Four Arrested in Camden City Shooting; Police Officers’ Home was Mistakenly Targeted, Chief Says


Two Pennsauken men and one each from Camden City and Collingswood are charged with attempted murder in the September 15 shooting attack on two Camden County Police officers’ home.

By Matt Skoufalos | October 5, 2020

Camden County Police Shooting Suspects. Credit: Matt Skoufalos.

Four men have been charged with attempted murder for their unwitting attack on the Camden City home of two police officers and their infant child.

About 15 minutes before midnight on September 15, four men allegedly fired seven shots into a home in the 2900 block of Clinton Street, where two Camden City Police officers were asleep on the second floor with their newborn child.

Jaqwa Styles, 19, and Jeremiah McDonald, 18, both of Pennsauken; Julio Nieves, 19, of Camden City; and Kobbie Johnson, 30, of Collingswood, have been implicated in the alleged crimes.

Johnson was arrested in West Hartford, Connecticut late Friday night; within 30 hours, the remaining suspects were arrested, one by one, without incident, said Camden County Police Chief Joseph Wysocki.

All have been charged with three counts of first-degree attempted murder and conspiracy to commit murder, second-degree unlawful possession of a weapon, and second-degree possession of a weapon for an unlawful purpose.

But investigators don’t believe the suspects targeted Randy Cintron and Jaihna Ibanez, the officers into whose home they fired, in the attack.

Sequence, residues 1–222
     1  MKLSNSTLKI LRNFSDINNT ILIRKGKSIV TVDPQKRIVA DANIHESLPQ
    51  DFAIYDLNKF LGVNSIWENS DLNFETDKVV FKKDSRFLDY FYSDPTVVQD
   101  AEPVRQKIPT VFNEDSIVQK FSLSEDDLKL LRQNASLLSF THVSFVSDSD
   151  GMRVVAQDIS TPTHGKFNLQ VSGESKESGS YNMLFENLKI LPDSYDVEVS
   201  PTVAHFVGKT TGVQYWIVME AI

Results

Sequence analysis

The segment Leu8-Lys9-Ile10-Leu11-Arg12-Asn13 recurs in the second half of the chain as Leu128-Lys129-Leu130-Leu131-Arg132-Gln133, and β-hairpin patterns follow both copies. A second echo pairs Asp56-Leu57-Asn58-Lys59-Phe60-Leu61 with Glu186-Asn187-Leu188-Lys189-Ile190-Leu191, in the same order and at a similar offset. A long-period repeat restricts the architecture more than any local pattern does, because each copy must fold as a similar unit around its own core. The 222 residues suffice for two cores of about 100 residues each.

Cintron and Ibanez are members of the department’s neighborhood response team who arrive at and depart from the home in uniform, and “it was common knowledge” that they work for the police department, Wysocki said.

Yet although the suspects in the case allegedly “intentionally shot weapons into the home intending to kill the residents of the home,” the chief said he didn’t believe they knew its occupants were police.

“The officers and their families have nothing to do with why they were targeted in that case,” Wysocki said. “We think they had the wrong house.

“It is a relief to know that it wasn’t our community that attacked our officers,” he said. “They’re still not sleeping at night, but it’s their baby that’s keeping them awake.”

Clockwise, from left: Julio Nieves, 19, of Camden City, Jeremiah McDonald, 18, of Pennsauken, Jaqwa Styles, 19, of Pennsauken, and Kobbie Johnson, 30, of Collingswood. Credit: Matt Skoufalos.

Moreover, although gang violence in the city is on the rise, the shooting isn’t believed to have been gang-related, either.

We’ve had 12 homicides in the last six weeks here,” Wysocki said. “The gun violence is at record levels that I have not seen since 2012.”

Camden County Prosecutor Jill Mayer. Credit: Matt Skoufalos.

“It’s no secret gun violence is up in the city right now,” said Camden County Prosecutor Jill Mayer.

“Why that all is, we can only speculate.

“If you participate in gun violence, we will investigate and prosecute the case to the fullest extent of the law,” Mayer said.

The Camden County Police Department has a 70-percent solve rate for homicides in the city, up from last year’s 55-percent rate, Mayer said. She credited community cooperation, an increase in the number of security cameras, and improved collaboration among state and local policing agencies with helping improve that rate.

“These partnerships are essential in making our community safer,” she said.

Nonetheless, as the leads generated in solving the case didn’t come from the community, a $100,000 reward posted for leads will not be paid off, Wysocki said.

Camden County Police Lieutenant Rick Kunkel, President of the Fraternal Order of Police (FOP) Lodge 218, said the officers were relieved by “all the hard work that everybody’s put into this case.”

Learning that “somebody’s not on the streets targeting police officers… had a very big impact on their outlook,” Kunkel said.

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